As any researcher who deals with it will tell you, neglect can convince humans of pretty much any absurdity. Two thousand years getting nowhere providing intentional explanations of intentional idioms, as outrageous as it is, means nothing when it seems so painfully obvious that intentional idioms can only be explained in intentional, and not natural, terms. But switch to the systems view, and suddenly it becomes obvious that the question of what intentional idioms are is not a question we should expect intentional cognition to have any success solving. Add metacognitive neglect to the picture and suddenly it becomes clear why we’ve been banging our head against this wall for all these millennia. Human beings have been in the grip of a kind of ‘theoretical anosognosia,’ a cognitive version of Anton’s Syndrome. Blind to our metacognitive blindness, we assume that we intuit all we need to intuit when it comes to things like the fact/value distinction. So we compulsively repeat the same mistake over and over again, perpetually baffled by our inability to make any decisive discoveries.
I understand why those invested in the tradition find my view so offensive. As a product and lover of that tradition, I find myself alienated by my position! I’m saying that traditional philosophy is likely largely an artifact of the systematic misapplication of intentional cognition to the problem of intentionality. I’m saying that the thousands of years of near total futility is itself an important data point, evidence of theoretical anosognosia. I’m relegating a great number of PhDs to the historical rubbish heap.
But then this is implicit in the work of any philosopher who (inevitably) thinks everyone else is wrong, isn’t it? So if you’re going to think most everyone is wrong anyway, why bother thinking they’re wrong in the old way, the way possessing the preposterously long track record of theoretical failure? This is the promise of the kind of critical eliminativism that falls out of Blind Brain Theory: it offers the possibility, at least, of leaving the ancient occultisms behind, of developing a scientifically responsible means of theorizing the human, a genuinely post-intentional philosophy.
After all, what is the promise of intentionalism? Another thousand years of controversy? If so, why not simply become a mysterian? Why not admit that you cleave to these guesses, and have no way of settling the issue otherwise? One can hope things will sharpen… at some point, maybe.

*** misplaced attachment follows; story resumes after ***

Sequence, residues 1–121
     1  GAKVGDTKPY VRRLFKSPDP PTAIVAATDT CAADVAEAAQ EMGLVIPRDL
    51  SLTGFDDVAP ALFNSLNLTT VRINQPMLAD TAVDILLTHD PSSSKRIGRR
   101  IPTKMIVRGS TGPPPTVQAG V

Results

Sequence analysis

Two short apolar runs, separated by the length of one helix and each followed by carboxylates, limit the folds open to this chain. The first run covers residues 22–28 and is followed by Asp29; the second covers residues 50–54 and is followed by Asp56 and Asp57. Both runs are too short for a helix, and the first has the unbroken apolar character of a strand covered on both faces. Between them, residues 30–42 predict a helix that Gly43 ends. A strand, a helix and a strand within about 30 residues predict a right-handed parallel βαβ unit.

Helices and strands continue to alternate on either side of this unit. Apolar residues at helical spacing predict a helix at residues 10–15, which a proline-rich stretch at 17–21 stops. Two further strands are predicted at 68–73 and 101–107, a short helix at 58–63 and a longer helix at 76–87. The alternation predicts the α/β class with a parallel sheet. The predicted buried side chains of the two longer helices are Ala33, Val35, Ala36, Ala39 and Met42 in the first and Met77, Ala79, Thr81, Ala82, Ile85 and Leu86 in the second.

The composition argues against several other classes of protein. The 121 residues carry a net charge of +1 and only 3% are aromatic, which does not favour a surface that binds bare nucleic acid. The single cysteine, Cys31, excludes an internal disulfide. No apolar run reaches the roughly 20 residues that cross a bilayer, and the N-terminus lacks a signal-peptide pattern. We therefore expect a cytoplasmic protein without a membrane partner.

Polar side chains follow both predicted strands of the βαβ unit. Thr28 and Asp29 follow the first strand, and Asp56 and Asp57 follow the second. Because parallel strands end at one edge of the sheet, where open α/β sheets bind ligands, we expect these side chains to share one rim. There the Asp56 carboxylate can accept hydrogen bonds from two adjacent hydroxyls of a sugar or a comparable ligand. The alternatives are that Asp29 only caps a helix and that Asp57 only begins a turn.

Apologies all for my scarcity of late. Between battling snow and Sranc, I’ve scarce had a moment to sit at this computer. Edward Feser has posted “Post-intentional Depression,” a thorough rebuttal to my Scientia Salon piece, “Back to Square One: Toward a Post-Intentional Future,” which Peter Hankins at Conscious Entities has also responded to with “Intellectual Catastrophe.” I’m interested in criticisms and observations of all stripes, of course, but since Massimo has asked me for a follow-up piece, I’m especially interested in the kinds of tactics/analogies I could use to forestall the typical tu quoque reactions eliminativism espouses.
Grimdark Magazine has just published the first installment of “The Knife of Many Hands,” a Conan homage set in Carythusal on the eve of the Scholastic Wars. I stuffed Robert Howard’s pulp into the crack-bowl of my brain as a youth – and I hope it shows! I had fun-fun-fun beating new tricks out of this old and fascinating bear… Enjoy!
Let’s get Real.
We’re not a ghostly repository of combinatorial contents…
Or freedom leaping ab initio out of ontological contradiction…
Or a totality of originary and everyday horizons of meaning…
Or a normative function of converging attitudes.
We are not something extra or above or intrinsic. We can be cut. Bruised. Explained. Dominated.
Reality is its own argument to the cudgel. It refutes, not by being kicked, but by kicking. It prevails by killing.
Who cares what the Real is so long as it is Real? It’s the monstrous ‘is-what-it-is’ that will strike you dead. It’s the razor’s line, the shockwave of a bullet, the viral code hacking you from inside your inside. It’s what the sciences mine for more and more godlike power. It’s out there, and it’s in here, and it doesn’t give a flying fuck what you or anyone else ‘thinks.’
Ideas never killed anyone; only Idealists, and only because they were fucking Real.
Realism is a commitment to the realness of the Real. Of course, this is where everything goes diabetic, but only because so many think the realness of the Real requires some kind of Artificial Additive. Just as Jesus is the sole path to Heaven, Ideas are the sole path to the Real, so we are told. Since we already find ourselves in the Real, we must therefore have a great multitude of Ideas. As to their nature, the only consensus is that they are invisible, Pre-Real things that somehow bring about the realness of the Real. This consensus has no ‘evidence’ per se, but it really feels that way when certain trained professionals think about it.
Really, it does.
Luckily, Realism entertains no commitment to the realness of not Real things, be they post, pre, or concurrent.
But Ideas have to be Real, don’t they? What is this very diatribe, if not an argument for yet one more Idea of the Real?